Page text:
A surge of investments in the fourth quarter into companies such as Code42 ($85.6 million), Cardionomic ($20 million) and Zipnosis ($17 million) pushed venture capital investment in Minnesota companies last year to a postrecession record of $371.7 million.

The strong finish topped 2014, the next-best year at $359.8 million, according to figures prepared by PricewaterhouseCoopers (PwC) and the National Venture Capital Association, based on data provided by Thomson Reuters.

"We've had a very good run the last two years," said Mark Scholtes, a Minneapolis-based partner at PwC who examines the numbers. "It's a good environment for entrepreneurs."

Minnesota firms seeking development capital were lagging until October, when a fast-growing Minneapolis software firm scored $85 million, the biggest venture capital investment in a Minnesota company since the tech-boom of 1999-2000. The investment in 400-plus employee Code42 was from Accel and Split Rock Partners, two previous investors, and two new ones, JMI Equity and New Enterprise Associates.

Code42 CEO Joe Payne said it will use the additional funds to develop more data backup services for business and consumer clients.

Before Code42's take, the two biggest magnets for venture capital in Minnesota in 2015 were $30 million to Field Nation, which provides a service that matches contract IT and other freelancers with corporate clients. Earlier, Lead Pages, which provides digital marketing products for companies, received $27 million.

Venture capital is extended to promising, fast-growing companies with the expectation, not always realized, that they will get big in a hurry and eventually sell stock to public investors, sell to a larger concern or otherwise provide a huge return on investment to early-stage investors, including the founders, friends and family who often post the seed capital.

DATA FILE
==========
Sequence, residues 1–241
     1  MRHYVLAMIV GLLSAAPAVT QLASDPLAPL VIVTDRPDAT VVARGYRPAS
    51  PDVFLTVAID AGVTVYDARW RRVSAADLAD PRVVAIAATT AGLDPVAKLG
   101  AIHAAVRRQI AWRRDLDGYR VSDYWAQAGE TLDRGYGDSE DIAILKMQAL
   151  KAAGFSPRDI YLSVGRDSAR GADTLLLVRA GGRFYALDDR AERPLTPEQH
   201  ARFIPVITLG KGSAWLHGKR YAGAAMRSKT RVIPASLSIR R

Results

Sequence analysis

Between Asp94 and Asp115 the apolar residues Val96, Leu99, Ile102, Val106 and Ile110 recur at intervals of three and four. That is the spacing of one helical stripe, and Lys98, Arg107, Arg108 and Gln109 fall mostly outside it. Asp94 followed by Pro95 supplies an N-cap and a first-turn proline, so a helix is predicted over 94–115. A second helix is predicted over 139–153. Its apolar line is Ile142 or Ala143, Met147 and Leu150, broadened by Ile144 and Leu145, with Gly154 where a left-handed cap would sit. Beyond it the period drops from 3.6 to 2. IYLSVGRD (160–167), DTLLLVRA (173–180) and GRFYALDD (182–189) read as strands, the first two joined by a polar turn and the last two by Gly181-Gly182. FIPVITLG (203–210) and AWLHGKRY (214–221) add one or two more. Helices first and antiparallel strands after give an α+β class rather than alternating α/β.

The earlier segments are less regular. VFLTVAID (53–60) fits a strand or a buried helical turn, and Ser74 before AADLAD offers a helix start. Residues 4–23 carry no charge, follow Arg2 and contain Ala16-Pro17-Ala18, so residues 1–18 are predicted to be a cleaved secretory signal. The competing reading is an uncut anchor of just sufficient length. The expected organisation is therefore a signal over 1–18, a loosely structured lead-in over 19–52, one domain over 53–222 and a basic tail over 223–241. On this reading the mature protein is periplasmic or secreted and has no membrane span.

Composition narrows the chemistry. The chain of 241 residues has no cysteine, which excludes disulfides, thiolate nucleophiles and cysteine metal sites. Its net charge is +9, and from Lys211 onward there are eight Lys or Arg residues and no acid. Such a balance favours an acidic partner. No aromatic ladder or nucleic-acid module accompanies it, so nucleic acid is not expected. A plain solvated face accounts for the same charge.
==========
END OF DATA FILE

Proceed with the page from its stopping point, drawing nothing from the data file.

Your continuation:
Scholtes said he was impressed that Minnesota continues to diversify in venture capital from medical technology, its historic long suit, to software, including that powering health care IT and other areas designed to bring innovation and economy.

"Software is the driving force behind disruptive technologies aimed at health care, transportation and security, including cyber security," he said. "Code42 and other software [outfits] are getting more of the pie. And that's a good sign."

Software-related companies collected about half the venture capital in 2015, compared with 20 percent or less a decade ago.

One such firm is Zipnosis, a health-software concern that lets medical clinics, such as Fairview and North Memorial, conduct economical "virtual" visits with patients. It raised $17 million in December in its first round of venture financing.

Nationally, venture capitalists deployed $58.8 billion, the second best year in the last 20.